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[casi] CIA has a bleak analysis of Iraq

Posted on Wed, Nov. 12, 2003

CIA has a bleak analysis of Iraq

A report found more civilians there are supporting the
resistance. It conflicts with upbeat public

By Jonathan S. Landay
Inquirer Washington Bureau

WASHINGTON - A new, top-secret CIA report from Iraq
warns that growing numbers of Iraqis are concluding
the U.S.-led coalition can be defeated and are
supporting the insurgents.

The report paints a bleak picture of the political and
security situation in Iraq and cautions that the
U.S.-led drive to rebuild the country as a democracy
could collapse unless corrective actions are taken

L. Paul Bremer, leader of the Coalition Provisional
Authority in Iraq, who arrived unexpectedly in
Washington for strategy sessions yesterday,
essentially endorsed the CIA's findings, a senior
administration official said.

The report's bleak tone and Bremer's private
endorsement differ sharply with the upbeat public
assessments that President Bush, his chief aides, and
even Bremer are giving as part of an aggressive
publicity campaign aimed at countering rising
anxieties over increasing U.S. casualties in Iraq.

Two senior administration officials, who spoke on
condition of anonymity because the document is
classified, described the report's findings in broad
terms but did not detail any recommendations.

The report landed on the desks of senior U.S.
officials on Monday. Disclosures on the report's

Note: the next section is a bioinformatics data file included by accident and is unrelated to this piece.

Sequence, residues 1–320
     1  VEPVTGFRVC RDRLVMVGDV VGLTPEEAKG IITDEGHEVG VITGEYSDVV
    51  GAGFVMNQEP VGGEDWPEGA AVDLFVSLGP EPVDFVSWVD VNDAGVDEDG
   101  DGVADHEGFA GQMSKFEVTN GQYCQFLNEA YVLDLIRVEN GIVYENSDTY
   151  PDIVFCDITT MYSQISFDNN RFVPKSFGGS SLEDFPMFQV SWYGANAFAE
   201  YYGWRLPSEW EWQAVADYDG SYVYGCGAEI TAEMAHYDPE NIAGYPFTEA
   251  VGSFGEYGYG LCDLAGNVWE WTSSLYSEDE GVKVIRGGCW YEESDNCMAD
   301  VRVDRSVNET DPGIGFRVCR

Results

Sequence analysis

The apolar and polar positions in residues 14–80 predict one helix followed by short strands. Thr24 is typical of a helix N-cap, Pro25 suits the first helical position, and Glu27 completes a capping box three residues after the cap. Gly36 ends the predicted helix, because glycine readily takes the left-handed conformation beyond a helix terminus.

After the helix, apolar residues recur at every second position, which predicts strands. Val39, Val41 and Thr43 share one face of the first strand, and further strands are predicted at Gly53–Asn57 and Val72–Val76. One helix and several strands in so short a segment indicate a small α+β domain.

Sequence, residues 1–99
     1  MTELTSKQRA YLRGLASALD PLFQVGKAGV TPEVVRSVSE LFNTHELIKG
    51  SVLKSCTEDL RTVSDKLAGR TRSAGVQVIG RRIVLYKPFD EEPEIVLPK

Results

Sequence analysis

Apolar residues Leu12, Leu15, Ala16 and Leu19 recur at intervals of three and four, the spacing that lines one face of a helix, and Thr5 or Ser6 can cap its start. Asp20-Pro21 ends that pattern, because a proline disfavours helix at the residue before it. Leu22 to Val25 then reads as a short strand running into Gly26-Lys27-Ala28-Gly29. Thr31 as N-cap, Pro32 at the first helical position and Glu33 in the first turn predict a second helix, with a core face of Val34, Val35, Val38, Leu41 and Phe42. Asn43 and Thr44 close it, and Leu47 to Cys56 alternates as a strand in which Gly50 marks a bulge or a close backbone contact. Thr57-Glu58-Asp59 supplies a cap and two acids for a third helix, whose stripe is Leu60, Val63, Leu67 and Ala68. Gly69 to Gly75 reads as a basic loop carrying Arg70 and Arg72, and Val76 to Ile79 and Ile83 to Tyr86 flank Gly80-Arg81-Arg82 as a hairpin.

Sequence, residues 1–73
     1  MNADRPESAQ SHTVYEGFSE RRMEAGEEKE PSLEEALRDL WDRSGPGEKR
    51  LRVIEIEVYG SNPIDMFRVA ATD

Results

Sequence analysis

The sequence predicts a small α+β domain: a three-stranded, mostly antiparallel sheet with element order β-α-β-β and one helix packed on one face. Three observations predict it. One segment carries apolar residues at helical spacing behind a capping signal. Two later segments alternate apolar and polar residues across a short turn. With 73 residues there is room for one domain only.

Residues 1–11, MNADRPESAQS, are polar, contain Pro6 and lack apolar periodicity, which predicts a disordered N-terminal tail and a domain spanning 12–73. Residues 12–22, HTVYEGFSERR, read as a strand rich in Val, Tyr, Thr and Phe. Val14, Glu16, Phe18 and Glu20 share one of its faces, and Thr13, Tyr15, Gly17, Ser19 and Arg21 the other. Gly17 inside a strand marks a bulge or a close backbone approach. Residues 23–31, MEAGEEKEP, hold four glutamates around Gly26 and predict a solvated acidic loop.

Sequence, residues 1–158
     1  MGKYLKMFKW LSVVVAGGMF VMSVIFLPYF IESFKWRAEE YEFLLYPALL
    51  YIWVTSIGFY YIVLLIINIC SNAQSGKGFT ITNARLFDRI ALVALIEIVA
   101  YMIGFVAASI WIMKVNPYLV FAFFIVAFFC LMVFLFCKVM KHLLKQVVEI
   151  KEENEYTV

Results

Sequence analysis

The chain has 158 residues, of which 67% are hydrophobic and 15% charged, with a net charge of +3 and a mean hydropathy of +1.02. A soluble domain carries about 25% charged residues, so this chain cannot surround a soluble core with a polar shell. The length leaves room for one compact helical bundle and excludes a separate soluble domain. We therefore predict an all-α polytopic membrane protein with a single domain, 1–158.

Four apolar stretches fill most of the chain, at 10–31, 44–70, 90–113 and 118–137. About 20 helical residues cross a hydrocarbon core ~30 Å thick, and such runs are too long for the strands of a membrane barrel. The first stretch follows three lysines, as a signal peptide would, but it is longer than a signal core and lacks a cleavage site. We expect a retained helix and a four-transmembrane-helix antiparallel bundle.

findings suggested senior policymakers want to make
sure the assessment reaches Bush.

Some senior policymakers have expressed frustration in
efforts to provide Bush with more somber analyses of
the situation in Iraq than the optimistic views
presented by Vice President Cheney, Secretary of
Defense Donald H. Rumsfeld, and other hard-liners.

The CIA analysis suggests U.S. policy in Iraq has
reached a turning point, as the Bush administration
moves to escalate the war against the guerrillas and
accelerate the transfer of political power to Iraqis.

Both options are potentially risky.

An escalation of the military campaign could cause
more civilian casualties and drive more Iraqis to the
insurgents' side.

At the same time, the CIA assessment warns that none
of the postwar Iraqi political institutions and
leaders have shown an ability to govern the country or
even preside over drafting a constitution or holding
an election.

Upon his arrival in Washington yesterday, Bremer went
directly into a White House meeting with Rumsfeld,
Secretary of State Colin L. Powell, national security
adviser Condoleezza Rice, and other key officials.

The meeting focused on how to break the political
logjam in Baghdad and speed planning for the nation's

Bremer's hurried flight to Washington caught his staff
by surprise and forced him to cancel a meeting with
Poland's prime minister, Leszek Miller.

Some U.S. officials believe key members of the
25-member Iraqi Governing Council are stalling their
work in hopes of winning concessions from U.S. leaders